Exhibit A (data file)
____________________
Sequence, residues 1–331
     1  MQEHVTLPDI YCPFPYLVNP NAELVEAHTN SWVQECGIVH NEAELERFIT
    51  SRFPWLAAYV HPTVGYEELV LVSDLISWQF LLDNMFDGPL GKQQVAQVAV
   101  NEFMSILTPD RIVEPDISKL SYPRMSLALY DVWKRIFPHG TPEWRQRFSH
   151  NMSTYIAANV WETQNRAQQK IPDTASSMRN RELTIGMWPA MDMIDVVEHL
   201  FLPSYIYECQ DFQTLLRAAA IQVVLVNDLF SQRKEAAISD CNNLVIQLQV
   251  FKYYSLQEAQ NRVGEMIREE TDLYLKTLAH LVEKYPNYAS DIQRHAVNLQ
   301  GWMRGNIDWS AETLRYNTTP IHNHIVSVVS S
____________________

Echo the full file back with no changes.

Sequence, residues 1–331
     1  MQEHVTLPDI YCPFPYLVNP NAELVEAHTN SWVQECGIVH NEAELERFIT
    51  SRFPWLAAYV HPTVGYEELV LVSDLISWQF LLDNMFDGPL GKQQVAQVAV
   101  NEFMSILTPD RIVEPDISKL SYPRMSLALY DVWKRIFPHG TPEWRQRFSH
   151  NMSTYIAANV WETQNRAQQK IPDTASSMRN RELTIGMWPA MDMIDVVEHL
   201  FLPSYIYECQ DFQTLLRAAA IQVVLVNDLF SQRKEAAISD CNNLVIQLQV
   251  FKYYSLQEAQ NRVGEMIREE TDLYLKTLAH LVEKYPNYAS DIQRHAVNLQ
   301  GWMRGNIDWS AETLRYNTTP IHNHIVSVVS S